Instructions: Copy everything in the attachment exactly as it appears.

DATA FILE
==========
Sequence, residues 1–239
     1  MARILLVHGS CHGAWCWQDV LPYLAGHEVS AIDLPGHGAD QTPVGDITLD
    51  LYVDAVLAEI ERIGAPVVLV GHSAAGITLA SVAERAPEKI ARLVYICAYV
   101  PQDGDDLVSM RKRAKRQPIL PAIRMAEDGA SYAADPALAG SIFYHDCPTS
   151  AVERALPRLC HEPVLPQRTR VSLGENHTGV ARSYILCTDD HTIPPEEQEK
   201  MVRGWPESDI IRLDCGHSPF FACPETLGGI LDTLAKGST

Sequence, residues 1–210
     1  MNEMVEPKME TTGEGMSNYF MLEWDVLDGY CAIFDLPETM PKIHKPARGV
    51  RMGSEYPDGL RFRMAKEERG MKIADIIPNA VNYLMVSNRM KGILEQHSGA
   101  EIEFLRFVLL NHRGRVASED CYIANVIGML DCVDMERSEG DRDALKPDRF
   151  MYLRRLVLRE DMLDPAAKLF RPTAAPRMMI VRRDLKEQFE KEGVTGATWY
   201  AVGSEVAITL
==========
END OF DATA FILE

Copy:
Sequence, residues 1–239
     1  MARILLVHGS CHGAWCWQDV LPYLAGHEVS AIDLPGHGAD QTPVGDITLD
    51  LYVDAVLAEI ERIGAPVVLV GHSAAGITLA SVAERAPEKI ARLVYICAYV
   101  PQDGDDLVSM RKRAKRQPIL PAIRMAEDGA SYAADPALAG SIFYHDCPTS
   151  AVERALPRLC HEPVLPQRTR VSLGENHTGV ARSYILCTDD HTIPPEEQEK
   201  MVRGWPESDI IRLDCGHSPF FACPETLGGI LDTLAKGST

Sequence, residues 1–210
     1  MNEMVEPKME TTGEGMSNYF MLEWDVLDGY CAIFDLPETM PKIHKPARGV
    51  RMGSEYPDGL RFRMAKEERG MKIADIIPNA VNYLMVSNRM KGILEQHSGA
   101  EIEFLRFVLL NHRGRVASED CYIANVIGML DCVDMERSEG DRDALKPDRF
   151  MYLRRLVLRE DMLDPAAKLF RPTAAPRMMI VRRDLKEQFE KEGVTGATWY
   201  AVGSEVAITL